The Good Girls Drug
May 27, 2012 § 17 Comments
Years ago I saw a therapist named Julie.
Julie Armer; young, long red hair, Birkenstock wearing, wise and able to call me on my chit.
We started meeting when I was on the tail end of a semi nervous breakdown. At twenty-eight and with my life far from where I wanted it, I needed help to sort stuff out.
My coping mechanism was food.
At night I’d curl into bed with a bag of Teddy Grahams. I’d watch t.v. and devour the bag until all that was left were bear legs and bodies; tiny body parts crumbled against the bottom of the metallic bag.
Julie and I had long talks about the Teddy Grahams. Why did I do this? What compelled me to keep eating?How did I feel once they were finished and expanding in my belly?
The conclusion we came to was that I was filling up my stomach in an effort to control something in this uncontrolable world. What I really needed was to fill up my heart, not my gut. I know it sounds sort of ridiculous, but she was onto something. Eating to the point of fullness left little room (body and mind) to dwell on the emptiness elsewhere.
Her solution? When being pushed toward a tryst with Teddy Grahams I was to go and hug my nephew who happened to be living upstairs from me at the time. Filling with love would quell the urge toward food as a love replacement.
There’s a lot of talk online and amongst friends about losing weight, calorie control, and diet management.
I very seldom read about the emotional aspect of food as a drug, as a coping skill, as a way to manage feelings.
On Wednesday I ran into Whole Foods with my girls and a short list.
Sophie had requested the organic Blueberry lollipops we like, Grace wanted some animal crackers and I needed apples and greens.
We left with our bags filled, but instead of traditional animal crackers chose two bags of 100% natural, made by Barbara’s since 1971, Snackimals Animal Cookies in vanilla and chocolate chip.
On Thursday, after a few really stellar days for me in the healthy eating department, I went searching the cabinets for a snack. I picked up the cookies and portioned them out in a pink plastic bowl. With them I poured a cup of milk.
My intentions were pure. I was still on the straight and narrow.
When my bowl was empty I stared at it feeling blue. They tasted just like Teddy Grahams, if not a little more crisp. They crunched the same, melted on my tongue the same, tasted just the same.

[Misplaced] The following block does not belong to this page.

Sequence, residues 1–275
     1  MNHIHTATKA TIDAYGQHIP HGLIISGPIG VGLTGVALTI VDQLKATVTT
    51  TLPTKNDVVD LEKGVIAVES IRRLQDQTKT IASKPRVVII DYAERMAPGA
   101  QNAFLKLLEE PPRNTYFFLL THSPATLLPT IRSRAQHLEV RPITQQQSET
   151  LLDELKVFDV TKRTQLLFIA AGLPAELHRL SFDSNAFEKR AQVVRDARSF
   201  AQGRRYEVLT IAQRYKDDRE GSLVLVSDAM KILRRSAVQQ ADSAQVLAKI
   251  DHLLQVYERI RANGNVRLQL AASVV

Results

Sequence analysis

Without thinking, I started to eat them out of the bag until they were gone. And then the next bag. Gone.
As if something had triggered my good sense, my managed eating habits earlier in the week had vanished from my being.
Like an alcoholic might fall off the wagon after succumbing to the pull of a little sip, I spent Thursday, Friday and Saturday in compulsive eating hell.
Unable to feel the food that I consumed, I ate more. My head knew what was happening, my alter ego (I need to name her) didn’t care. I was aware that I was spinning, but continued to find more to fill myself up.
When Brian came home with a huge lemon cake and chocolate covered Oreos it didn’t take long before I was going at the cake with a fork and eating the cookies without even checking the calorie content and fat grams on the back (130 for 2 and 13 per serving I now know).
My stomach hurt badly, so I’d give myself a break. And then start up again. A cycle of pleasure and pain and exhaustion and energy.
Why did it happen? What was I really searching for? Aren’t I happy? Don’t I have enough love, friends, health, family?
I have heard that food is the good girls’ drug. This is true. It’s not even about the food. It’s not about weight. It’s about control.
Teddy Grahams, those sweet little bears manufactured for children’s lunch boxes are as dangerous to me as crack or heroine or a bottle of pills to another person searching to fill whatever is missing inside them.
Last night after two pieces of pizza, a couple of bread sticks and three ranger cookies I fell into a “food coma” as I put the girls to sleep.
When I woke later in the evening, the mania was done, just like that. I drank a big bottle of water and settled back to sleep.
Today the food mania has stopped completely and I’ve woken up feeling better and able to see the light through the fog of the past few days.
I drank my coffee with skim milk and ate a lemon 0% Chiobani with some blackberries and half cup of Go Lean Crunch.
I sat down to write as I always do and this post came flowing out.
It’s embarrassing. I am not proud.
I would much have rather finished my piece about Maine or started to work on my guest post for Nadine about my long distance love affair with Crow. It would be easier to Pin pretty pictures; Chanel’s resort collection is breathtaking.
Since I try to speak the truth, though, I figured it might be helpful for anyone else going through a similar struggle. It also might be helpful to people who view over weight folks as food mongers and sloths. It isn’t about the food at all, so try not to judge.
In fact, a hug or a meaningful conversation about something other than food might snap them out of the cycle.
Most importantly, it is helpful to me to be able to recognize the triggers and the patterns and do what I can to avoid such occurrences in my future.
Total control will never be mine. It doesn’t exist. Not for me and not for you.
It’s a new day and I am off to yoga.
My solution. My church. I will Om with the group, get centered, and try not to judge myself or others.
But as they say in church, which will be my mantra for this Sunday, “Peace be with you. And also with you.”
Peace for you and for me.